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Official report: Diana's death a 'tragic accident'

Updated:
LONDON (AP) _ A British police inquiry released Thursday concluded that the deaths of Princess Diana and her boyfriend in a 1997 Paris car crash were a ``tragic accident'' and that allegations of murder are unfounded.

The report also said Diana was not pregnant, that she was not engaged to marry Dodi Fayed, and that their chauffeur was drunk and driving at more than 60 mph _ twice the local speed limit _ when their car crashed while being chased by photographers.

The inquiry, which largely confirmed previous findings by French investigators, also said there was no reason to suspect the involvement of the royal family in the death of Prince Charles former wife.

``Our conclusion is that, on all the evidence available at this time, there was no conspiracy to murder any of the occupants of the car. This was a tragic accident,'' said Lord John Stevens, former chief of the Metropolitan Police, who led the investigation of the deaths of Diana, 36, and Fayed, 42.

``There was no conspiracy, and no cover-up,'' Stevens added.

The couple was killed along with chauffeur Henri Paul when their Mercedes crashed in the Pont d'Alma tunnel in Paris on Aug. 31, 1997, while being chased by media photographers. Bodyguard Trevor Rees-Jones was seriously injured.

Paul was drunk, with a blood-alcohol level twice the British legal limit, and driving at twice the local speed limit before the crash, Stevens said.

``We can say with certainty that the car hit the curb just before the 13th pillar of the central reservation in the Alma underpass, at a speed of 61 to 63 miles per hour,'' Stevens said. ``Nothing in the very rapid sequence of events we have reconstructed supports the allegation of conspiracy to murder.''

Fayed's father, Mohammed al Fayed, has alleged that the couple was killed as a result of a plot by the establishment, including British intelligence agencies and Prince Philip, her former father-in-law.

In an interview with British Broadcasting Corp. radio Thursday before the findings were released, al Fayed rejected the report's conclusions, which newspapers had predicted.

``I am the father who lost his son. I am the one who knows everything,'' said al Fayed, owner of Harrods department store.

Stevens said that photographers had prompted Diana and Fayed to change travel plans before their death. Contradicting long-standing rumors, family and friends denied in interviews that Diana was about to marry Fayed, and Diana was not pregnant, Stevens said.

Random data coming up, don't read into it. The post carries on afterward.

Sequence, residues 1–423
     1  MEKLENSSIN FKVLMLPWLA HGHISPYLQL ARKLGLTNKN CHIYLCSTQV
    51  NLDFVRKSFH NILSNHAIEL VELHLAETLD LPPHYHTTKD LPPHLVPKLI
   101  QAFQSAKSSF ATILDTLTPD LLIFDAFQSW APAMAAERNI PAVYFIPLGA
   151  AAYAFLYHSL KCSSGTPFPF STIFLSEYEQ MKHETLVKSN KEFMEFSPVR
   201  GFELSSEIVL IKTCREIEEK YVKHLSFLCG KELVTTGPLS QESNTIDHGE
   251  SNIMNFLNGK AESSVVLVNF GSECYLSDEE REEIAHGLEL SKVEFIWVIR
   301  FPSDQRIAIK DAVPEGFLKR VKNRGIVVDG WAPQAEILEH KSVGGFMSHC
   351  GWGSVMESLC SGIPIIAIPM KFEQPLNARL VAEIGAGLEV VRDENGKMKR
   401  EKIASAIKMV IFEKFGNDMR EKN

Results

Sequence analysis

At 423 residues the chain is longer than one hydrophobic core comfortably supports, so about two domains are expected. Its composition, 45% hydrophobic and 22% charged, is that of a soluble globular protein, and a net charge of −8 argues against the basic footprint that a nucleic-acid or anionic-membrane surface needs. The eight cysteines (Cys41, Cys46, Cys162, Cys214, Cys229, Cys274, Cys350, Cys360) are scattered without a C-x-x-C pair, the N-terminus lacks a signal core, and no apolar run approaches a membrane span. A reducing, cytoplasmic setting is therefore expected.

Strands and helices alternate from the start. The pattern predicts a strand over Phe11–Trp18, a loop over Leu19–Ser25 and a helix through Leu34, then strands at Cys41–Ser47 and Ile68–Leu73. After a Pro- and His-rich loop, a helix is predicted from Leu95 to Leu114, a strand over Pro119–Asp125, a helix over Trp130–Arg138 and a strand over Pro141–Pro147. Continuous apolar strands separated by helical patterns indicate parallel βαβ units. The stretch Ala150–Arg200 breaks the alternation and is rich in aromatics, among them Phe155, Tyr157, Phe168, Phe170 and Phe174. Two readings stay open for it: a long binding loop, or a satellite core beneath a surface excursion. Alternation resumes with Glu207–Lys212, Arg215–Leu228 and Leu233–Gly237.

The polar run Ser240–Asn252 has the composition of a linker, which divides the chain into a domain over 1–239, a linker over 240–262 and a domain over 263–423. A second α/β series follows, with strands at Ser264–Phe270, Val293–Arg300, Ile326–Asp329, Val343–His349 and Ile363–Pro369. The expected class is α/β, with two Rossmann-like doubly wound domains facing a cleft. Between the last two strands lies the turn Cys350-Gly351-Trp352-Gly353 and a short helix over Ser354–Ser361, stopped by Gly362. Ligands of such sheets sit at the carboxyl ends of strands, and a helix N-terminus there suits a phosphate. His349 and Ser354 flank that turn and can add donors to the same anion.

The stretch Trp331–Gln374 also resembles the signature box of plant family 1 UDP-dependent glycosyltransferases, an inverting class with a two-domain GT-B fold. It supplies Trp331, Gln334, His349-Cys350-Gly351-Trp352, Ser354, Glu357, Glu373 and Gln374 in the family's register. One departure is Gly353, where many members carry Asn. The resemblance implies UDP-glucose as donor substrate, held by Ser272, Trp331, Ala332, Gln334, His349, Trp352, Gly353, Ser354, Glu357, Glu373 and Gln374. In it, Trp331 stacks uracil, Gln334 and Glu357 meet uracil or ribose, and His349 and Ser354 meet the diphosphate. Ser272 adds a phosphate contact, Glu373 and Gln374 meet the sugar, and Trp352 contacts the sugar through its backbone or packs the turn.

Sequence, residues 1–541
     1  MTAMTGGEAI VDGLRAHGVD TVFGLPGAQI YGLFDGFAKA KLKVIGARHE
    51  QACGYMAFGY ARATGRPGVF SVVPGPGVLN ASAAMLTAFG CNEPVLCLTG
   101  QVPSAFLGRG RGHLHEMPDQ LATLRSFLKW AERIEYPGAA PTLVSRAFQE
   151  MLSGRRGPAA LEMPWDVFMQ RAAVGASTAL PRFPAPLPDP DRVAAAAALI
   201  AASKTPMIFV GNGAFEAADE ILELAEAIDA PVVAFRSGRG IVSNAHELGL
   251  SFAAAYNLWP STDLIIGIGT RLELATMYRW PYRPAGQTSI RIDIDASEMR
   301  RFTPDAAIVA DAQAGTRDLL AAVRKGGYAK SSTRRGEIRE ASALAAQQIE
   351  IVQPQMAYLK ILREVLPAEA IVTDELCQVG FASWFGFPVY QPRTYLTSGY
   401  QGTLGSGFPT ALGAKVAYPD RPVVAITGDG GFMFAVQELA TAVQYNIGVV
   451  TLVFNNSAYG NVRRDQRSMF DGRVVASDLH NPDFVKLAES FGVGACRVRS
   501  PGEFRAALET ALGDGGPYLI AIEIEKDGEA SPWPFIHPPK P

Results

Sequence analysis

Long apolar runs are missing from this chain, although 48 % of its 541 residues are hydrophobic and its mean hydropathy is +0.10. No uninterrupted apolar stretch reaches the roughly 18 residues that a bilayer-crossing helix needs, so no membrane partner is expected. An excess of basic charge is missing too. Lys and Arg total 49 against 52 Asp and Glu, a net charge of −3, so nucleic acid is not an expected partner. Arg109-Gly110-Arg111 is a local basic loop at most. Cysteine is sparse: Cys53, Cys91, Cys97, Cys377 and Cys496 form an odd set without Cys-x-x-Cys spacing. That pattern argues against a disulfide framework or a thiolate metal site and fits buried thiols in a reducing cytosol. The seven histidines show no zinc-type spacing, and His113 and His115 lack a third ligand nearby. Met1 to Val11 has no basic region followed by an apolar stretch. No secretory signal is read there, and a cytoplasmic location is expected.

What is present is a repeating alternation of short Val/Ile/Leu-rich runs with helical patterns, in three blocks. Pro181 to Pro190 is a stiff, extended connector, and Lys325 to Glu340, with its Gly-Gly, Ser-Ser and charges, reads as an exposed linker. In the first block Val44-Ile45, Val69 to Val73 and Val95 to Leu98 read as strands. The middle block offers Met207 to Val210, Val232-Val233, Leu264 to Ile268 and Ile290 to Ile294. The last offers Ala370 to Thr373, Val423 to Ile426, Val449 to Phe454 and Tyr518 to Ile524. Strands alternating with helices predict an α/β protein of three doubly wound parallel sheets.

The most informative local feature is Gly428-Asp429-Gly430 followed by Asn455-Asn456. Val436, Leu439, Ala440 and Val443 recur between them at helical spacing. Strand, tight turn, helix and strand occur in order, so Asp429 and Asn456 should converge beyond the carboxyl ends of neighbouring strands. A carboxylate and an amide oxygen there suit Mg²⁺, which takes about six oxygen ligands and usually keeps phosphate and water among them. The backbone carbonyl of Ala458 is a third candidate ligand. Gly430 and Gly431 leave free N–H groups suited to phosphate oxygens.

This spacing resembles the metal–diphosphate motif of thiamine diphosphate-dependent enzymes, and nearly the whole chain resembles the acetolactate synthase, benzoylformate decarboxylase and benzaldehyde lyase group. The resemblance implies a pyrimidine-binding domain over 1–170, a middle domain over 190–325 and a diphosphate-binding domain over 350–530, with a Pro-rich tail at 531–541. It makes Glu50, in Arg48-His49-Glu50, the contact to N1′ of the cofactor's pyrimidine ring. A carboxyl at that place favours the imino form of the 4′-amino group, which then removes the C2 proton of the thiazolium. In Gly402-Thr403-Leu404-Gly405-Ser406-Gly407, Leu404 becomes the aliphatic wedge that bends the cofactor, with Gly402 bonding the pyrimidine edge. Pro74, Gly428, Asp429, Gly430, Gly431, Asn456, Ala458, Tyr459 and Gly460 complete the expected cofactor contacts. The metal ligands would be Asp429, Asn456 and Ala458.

``From the evidence of her close friends and associates, she was not engaged and not about to get engaged,'' Stevens said.

Stevens said he had interviewed Prince Charles and had communicated with Philip and her eldest son, Prince William.

``I have seen nothing that would justify further inquiries with any member of the royal family,'' he said.

He said William had said that there had been no indication that Diana was about to get married again.

Rumors and conspiracy theories continue to swirl around Diana's death, despite a French judge's 1999 ruling that the crash was an accident.

A poll commissioned by the BBC, released earlier this month, found that 31 percent of the sample believed the deaths were not an accident, while 43 percent believed they were. The poll of 1,000 adults had a margin of error of 3 percentage points.

The British inquiry, which involved 15 police personnel and is estimated to have cost millions of dollars, used cutting-edge computer technology to reconstruct the crash scene in three dimensions, and examined the wrecked Mercedes in painstaking detail. Stevens looked at hundreds of witness statements and traveled to Paris to see the site of the crash.

Stevens also said U.S. officials had assured him that secretly recorded conversations in their possession shed no new light on her death.

The U.S. National Security Agency said Tuesday it had never targeted Diana's communications, but acknowledged it had 39 classified documents containing references to the princess.

The publication of Stevens' report will allow an inquest into Diana's death finally to get under way.

The inquest, convened and then swiftly adjourned in 2004, is due to formally resume next year under a retired senior judge, Dame Elizabeth Butler-Sloss. Preliminary hearings will be held Jan. 8-9 at the Royal Courts of Justice.

``I have no doubt that speculation as to what happened that night will continue and that there are some matters, as in many other investigations, about which we may never find a definitive answer,'' Stevens said.

``Three people tragically lost their lives in the accident and one was seriously injured. Many more have suffered from the intense scrutiny, speculation and misinformed judgments in the years that have followed,'' he added.

``I very much hope that all the work we have done and the publication of this report will help to bring some closure to all who continue to mourn the deaths of Diana, Princess of Wales, Dodi Al Fayed and Henri Paul.''
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